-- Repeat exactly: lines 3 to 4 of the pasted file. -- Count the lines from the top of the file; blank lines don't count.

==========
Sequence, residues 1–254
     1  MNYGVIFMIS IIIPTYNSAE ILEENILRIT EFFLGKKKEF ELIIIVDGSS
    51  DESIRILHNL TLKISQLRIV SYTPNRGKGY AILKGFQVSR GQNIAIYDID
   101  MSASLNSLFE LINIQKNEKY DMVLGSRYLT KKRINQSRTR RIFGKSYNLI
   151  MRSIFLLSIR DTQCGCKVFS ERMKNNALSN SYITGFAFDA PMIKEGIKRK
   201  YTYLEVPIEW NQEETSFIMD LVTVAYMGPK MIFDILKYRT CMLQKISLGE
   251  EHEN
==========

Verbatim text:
    51  DESIRILHNL TLKISQLRIV SYTPNRGKGY AILKGFQVSR GQNIAIYDID
   101  MSASLNSLFE LINIQKNEKY DMVLGSRYLT KKRINQSRTR RIFGKSYNLI